Mirror Pond dredging plan has permits, lacks cash
Apr 27, 2018
City, park district have yet to agree on sharing
The group that wants to dredge Mirror Pond has permits in hand and a July start date in mind, but it could have a hard time getting the city of Bend and the Bend Park & Recreation District to help foot the bill for the project.
Mirror Pond Solutions, a partnership between Old Mill District developer Bill Smith and Taylor NW construction company owner Todd Taylor, plans to remove more than three decades worth of accumulated sediment from the pond. Private donors have committed about $300,000 to the project, which was last estimated to cost $6.7 million, and Taylor expects to get the rest of the cash from the city, the park district and Pacific Power and Light in time to start dredging in July.
“We’re hopeful that we can secure all the funding to allow us to start at that date,” Taylor said.
An earlier proposal would see the city of Bend and the park district each contribute about $1 million and Pacific Power about $4 million, and those funding splits could vary, Taylor said.
A majority of elected city councilors and park board members would have to support spending any city or park district money on the project. But the park district is looking for nonfinancial ways to support the dredging project, and several city councilors said they’d be open to the city paying for part of the project only if the park district also contributed.
Park district Executive Director Don Horton wrote in an emailed statement that the park board has discussed a “funding strategy” with Mirror Pond Solutions and the city of Bend. In a follow-up email, district spokeswoman Julie Brown said the park board supports providing Mirror Pond Solutions with staging areas, access to Mirror Pond and other in-kind contributions.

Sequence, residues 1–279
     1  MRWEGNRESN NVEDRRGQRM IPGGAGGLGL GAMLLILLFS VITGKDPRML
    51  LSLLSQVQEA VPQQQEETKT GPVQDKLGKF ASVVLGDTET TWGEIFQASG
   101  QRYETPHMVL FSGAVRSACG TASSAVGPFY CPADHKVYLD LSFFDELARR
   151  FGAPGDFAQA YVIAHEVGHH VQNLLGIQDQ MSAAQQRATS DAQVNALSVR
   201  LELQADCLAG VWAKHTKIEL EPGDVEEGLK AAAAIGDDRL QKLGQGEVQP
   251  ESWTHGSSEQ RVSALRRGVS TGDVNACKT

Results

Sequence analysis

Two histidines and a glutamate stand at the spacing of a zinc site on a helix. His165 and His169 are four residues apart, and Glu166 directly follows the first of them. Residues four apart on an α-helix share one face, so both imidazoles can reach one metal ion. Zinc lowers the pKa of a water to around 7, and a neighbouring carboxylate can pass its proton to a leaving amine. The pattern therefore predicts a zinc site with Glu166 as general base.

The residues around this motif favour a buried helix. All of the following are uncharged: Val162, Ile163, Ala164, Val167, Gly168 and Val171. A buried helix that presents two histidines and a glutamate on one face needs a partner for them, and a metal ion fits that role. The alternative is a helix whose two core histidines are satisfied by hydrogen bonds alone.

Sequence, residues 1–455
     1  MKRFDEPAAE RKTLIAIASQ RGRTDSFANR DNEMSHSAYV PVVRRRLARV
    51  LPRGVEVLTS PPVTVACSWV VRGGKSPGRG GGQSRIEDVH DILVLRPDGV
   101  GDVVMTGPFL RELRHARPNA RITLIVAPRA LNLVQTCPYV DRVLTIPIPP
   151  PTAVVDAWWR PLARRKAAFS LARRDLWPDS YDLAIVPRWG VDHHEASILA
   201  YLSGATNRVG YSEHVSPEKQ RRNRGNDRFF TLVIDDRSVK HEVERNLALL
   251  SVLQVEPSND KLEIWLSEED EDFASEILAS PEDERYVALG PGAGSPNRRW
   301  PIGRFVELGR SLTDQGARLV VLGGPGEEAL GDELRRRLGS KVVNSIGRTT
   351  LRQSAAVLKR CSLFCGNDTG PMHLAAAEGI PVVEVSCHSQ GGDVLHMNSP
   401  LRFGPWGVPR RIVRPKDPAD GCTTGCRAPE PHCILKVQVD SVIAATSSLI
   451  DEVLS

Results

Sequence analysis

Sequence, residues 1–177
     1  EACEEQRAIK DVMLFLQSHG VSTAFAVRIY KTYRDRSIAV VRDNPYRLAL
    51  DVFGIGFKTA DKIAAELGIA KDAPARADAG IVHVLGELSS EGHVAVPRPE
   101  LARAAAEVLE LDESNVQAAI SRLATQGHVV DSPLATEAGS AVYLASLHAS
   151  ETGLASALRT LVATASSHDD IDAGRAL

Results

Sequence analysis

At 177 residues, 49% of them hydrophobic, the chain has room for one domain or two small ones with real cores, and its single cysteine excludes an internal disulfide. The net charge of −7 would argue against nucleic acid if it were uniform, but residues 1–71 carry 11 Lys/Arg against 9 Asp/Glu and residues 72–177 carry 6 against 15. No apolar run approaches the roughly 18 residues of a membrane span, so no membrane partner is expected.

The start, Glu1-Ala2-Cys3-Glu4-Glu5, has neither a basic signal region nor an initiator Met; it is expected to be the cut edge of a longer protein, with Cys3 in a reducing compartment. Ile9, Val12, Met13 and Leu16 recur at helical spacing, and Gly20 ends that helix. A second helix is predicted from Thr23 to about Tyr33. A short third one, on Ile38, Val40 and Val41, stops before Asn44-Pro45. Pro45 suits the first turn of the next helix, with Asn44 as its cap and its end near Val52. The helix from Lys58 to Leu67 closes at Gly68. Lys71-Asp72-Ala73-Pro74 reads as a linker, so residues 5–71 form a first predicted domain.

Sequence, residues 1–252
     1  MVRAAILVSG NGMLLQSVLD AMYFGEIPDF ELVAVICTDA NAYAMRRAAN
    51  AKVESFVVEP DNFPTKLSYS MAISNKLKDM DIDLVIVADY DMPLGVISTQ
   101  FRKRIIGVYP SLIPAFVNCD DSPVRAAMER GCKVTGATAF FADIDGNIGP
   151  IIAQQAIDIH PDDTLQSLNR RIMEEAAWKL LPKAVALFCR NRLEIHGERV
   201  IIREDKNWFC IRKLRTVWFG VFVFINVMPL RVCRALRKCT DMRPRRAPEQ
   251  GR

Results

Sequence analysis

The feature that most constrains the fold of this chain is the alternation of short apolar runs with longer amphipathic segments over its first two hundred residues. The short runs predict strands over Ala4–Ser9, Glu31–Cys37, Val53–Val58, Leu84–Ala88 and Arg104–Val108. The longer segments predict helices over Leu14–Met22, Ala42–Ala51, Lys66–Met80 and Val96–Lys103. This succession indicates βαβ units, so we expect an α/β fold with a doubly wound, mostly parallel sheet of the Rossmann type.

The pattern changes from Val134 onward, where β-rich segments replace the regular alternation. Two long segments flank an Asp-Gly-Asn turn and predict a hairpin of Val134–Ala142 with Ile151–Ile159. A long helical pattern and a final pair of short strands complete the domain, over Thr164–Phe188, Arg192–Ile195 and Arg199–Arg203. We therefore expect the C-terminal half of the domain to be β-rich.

“We don’t yet know what the funding strategy will be, but we are hopeful that a funding strategy can be found that doesn’t include public funding,” she wrote.
Park board Chairman Nathan Hovekamp said the district is focused on its own project near Mirror Pond and doesn’t have money to spare for dredging. A $7.3 million project expected to be completed in phases would restore the pond’s east bank in Drake Park, replace crumbling retaining walls with more natural plants and expand the Deschutes River Trail.
“We’re absolutely committed to the critical work of restoring the bank of Mirror Pond,” Hovekamp said. “We have more than enough to do in the bank restoration.”
Vice Chairman Brady Fuller added that the board has discussed dredging and that no board members were comfortable paying for the project.
“I’m not comfortable at this time using general fund revenue to support dredging Mirror Pond,” Fuller said.
Board member Ted Schoenborn said discussions are underway to find a “pragmatic solution” to the dredging question. He has participated in many discussions about Mirror Pond during his 15 years on the park board and was one of two park board members on a joint city-park district committee that tried to set a vision for the pond.